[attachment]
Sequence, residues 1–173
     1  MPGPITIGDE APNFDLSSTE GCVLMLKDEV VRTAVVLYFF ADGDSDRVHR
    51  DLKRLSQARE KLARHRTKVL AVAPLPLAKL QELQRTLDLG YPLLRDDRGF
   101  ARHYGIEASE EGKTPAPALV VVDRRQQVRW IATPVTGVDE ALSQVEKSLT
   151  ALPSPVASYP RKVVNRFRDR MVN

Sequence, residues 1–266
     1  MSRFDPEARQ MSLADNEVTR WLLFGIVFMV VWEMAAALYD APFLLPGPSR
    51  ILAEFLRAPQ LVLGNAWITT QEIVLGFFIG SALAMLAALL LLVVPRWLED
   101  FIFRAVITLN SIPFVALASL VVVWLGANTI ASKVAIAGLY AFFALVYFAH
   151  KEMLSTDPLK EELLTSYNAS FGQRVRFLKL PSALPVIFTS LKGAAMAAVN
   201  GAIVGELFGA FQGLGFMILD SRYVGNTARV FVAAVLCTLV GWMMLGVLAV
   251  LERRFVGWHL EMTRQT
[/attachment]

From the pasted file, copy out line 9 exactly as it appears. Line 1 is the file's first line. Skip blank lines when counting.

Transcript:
   101  FIFRAVITLN SIPFVALASL VVVWLGANTI ASKVAIAGLY AFFALVYFAH